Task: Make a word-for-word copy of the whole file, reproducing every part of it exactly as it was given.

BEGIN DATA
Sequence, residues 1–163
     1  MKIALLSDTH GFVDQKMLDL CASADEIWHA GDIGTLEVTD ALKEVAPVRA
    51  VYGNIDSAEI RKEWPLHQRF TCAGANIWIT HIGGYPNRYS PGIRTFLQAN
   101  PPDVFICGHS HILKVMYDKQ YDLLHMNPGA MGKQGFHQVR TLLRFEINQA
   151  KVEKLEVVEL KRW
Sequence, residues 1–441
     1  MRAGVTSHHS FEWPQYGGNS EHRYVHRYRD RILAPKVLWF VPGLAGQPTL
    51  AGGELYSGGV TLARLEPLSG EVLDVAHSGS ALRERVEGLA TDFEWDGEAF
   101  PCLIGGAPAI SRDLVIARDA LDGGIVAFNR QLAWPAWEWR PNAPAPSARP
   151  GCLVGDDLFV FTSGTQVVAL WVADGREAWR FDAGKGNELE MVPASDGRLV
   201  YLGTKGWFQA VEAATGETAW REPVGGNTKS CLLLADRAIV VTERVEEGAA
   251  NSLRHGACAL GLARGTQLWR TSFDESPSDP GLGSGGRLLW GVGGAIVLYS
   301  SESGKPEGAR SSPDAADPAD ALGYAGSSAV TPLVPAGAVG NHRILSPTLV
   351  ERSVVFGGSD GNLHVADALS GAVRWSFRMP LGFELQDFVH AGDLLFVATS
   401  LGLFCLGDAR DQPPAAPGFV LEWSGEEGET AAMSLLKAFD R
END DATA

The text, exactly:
Sequence, residues 1–163
     1  MKIALLSDTH GFVDQKMLDL CASADEIWHA GDIGTLEVTD ALKEVAPVRA
    51  VYGNIDSAEI RKEWPLHQRF TCAGANIWIT HIGGYPNRYS PGIRTFLQAN
   101  PPDVFICGHS HILKVMYDKQ YDLLHMNPGA MGKQGFHQVR TLLRFEINQA
   151  KVEKLEVVEL KRW
Sequence, residues 1–441
     1  MRAGVTSHHS FEWPQYGGNS EHRYVHRYRD RILAPKVLWF VPGLAGQPTL
    51  AGGELYSGGV TLARLEPLSG EVLDVAHSGS ALRERVEGLA TDFEWDGEAF
   101  PCLIGGAPAI SRDLVIARDA LDGGIVAFNR QLAWPAWEWR PNAPAPSARP
   151  GCLVGDDLFV FTSGTQVVAL WVADGREAWR FDAGKGNELE MVPASDGRLV
   201  YLGTKGWFQA VEAATGETAW REPVGGNTKS CLLLADRAIV VTERVEEGAA
   251  NSLRHGACAL GLARGTQLWR TSFDESPSDP GLGSGGRLLW GVGGAIVLYS
   301  SESGKPEGAR SSPDAADPAD ALGYAGSSAV TPLVPAGAVG NHRILSPTLV
   351  ERSVVFGGSD GNLHVADALS GAVRWSFRMP LGFELQDFVH AGDLLFVATS
   401  LGLFCLGDAR DQPPAAPGFV LEWSGEEGET AAMSLLKAFD R